The Nigerian Export Import Bank had established a N500bn export stimulation fund for exporters and Laoye is hoping to access it to continue production.
The cocoa processors regretted that Nigerian banks were unwilling to finance long-term projects.
They complained that the cocoa sector in Nigeria was too deregulated; while major cocoa producing countries such as Cote d’Ivoire and Ghana gave priority to their processors, Nigeria threw the sector open for all comers.
“That is why multinational companies come into the sector as they like and even sometimes put a price on our cocoa. Also, there are infrastructural challenges such as power and the recent bad roads leading to the ports. Things get bad before they are shipped and the banks don’t care about the situation, their interest continues to count on a monthly basis.
“If you are supposed to ship a consignment in one month and it is taking you three months, the banks will not care; they will keep charging interest every month and bleeding the investors,” one of the processors said.
The Chief Executive Officer, Plantation Industries Limited, a cocoa processing factory in Akure, Ondo State, Mr Kunle Ayoade, told our correspondent that despite the fact that operators were not making profits, they had to contend with paying fees to a countless number of regulatory agencies.
He said, “There are too many regulatory agencies charging several fees for the same service. Apart from National Agency for Food and Drug Administration and Control, Standards Organisation of Nigeria, Ministry of Labour and Productivity, state and federal produce inspection services, there is the Weights and Measures Board whose service costs us N500,000 annually. Last week, we paid N413,000 for two weight bridges. If we don’t pay, they will lock our doors because they always come with police.
“In addition to the government agencies, the government also has private consultants from the Ministry of Finance that collect 0.5 per cent of whatever sale we make for a service they call Nigerian Export Supervision Scheme.”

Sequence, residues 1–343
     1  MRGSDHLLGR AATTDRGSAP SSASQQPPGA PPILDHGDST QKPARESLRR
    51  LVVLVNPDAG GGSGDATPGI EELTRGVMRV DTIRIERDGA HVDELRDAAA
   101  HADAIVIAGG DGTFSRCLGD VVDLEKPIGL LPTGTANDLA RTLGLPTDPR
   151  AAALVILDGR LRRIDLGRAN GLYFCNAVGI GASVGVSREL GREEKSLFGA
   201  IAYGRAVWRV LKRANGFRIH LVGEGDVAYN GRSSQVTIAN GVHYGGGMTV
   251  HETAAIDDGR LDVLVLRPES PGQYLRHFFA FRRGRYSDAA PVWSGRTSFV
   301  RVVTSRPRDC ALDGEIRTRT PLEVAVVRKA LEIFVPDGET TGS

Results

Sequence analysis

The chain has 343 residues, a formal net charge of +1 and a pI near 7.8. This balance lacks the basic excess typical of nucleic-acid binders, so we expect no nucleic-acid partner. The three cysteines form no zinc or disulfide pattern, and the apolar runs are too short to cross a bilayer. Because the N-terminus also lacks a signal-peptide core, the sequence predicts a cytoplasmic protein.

Ayoade who gave his debt profile as N3bn told our correspondent that he was contemplating shutting down due to the challenge of getting his products out of the country.
Among cocoa producing nations, Nigeria, which historically made its earnings from cocoa in the 1970s, ranks fourth with a production of 220,000 tonnes as of 2016/2017.
Cote d’ivoire is number one with 1,980 million tonnes per annum; followed by Ghana with about 950,000 tonnes; Cameroon comes third with 240,000 tonnes.
Also in recent years, Nigeria’s production has been fluctuating between 195,000 and 220,000 tonnes.
There had been a lot of promotion of the importance of the agriculture sector by the government and cocoa was chosen as one of the strategic crops to focus on as part of its economic diversification project.
The Director-General, Lagos Chamber of Commerce, Mr Muda Yusuf, noted that since the government had been championing the campaign for local content and emphasising value addition for the country’s exports, there was a need to rescue the critical sectors like cocoa and others.
He said, “The government has been talking about indigenous participation in manufacturing.
“The government has also been talking about backward integration and this is a very good example of an industry that is fully into backward integration.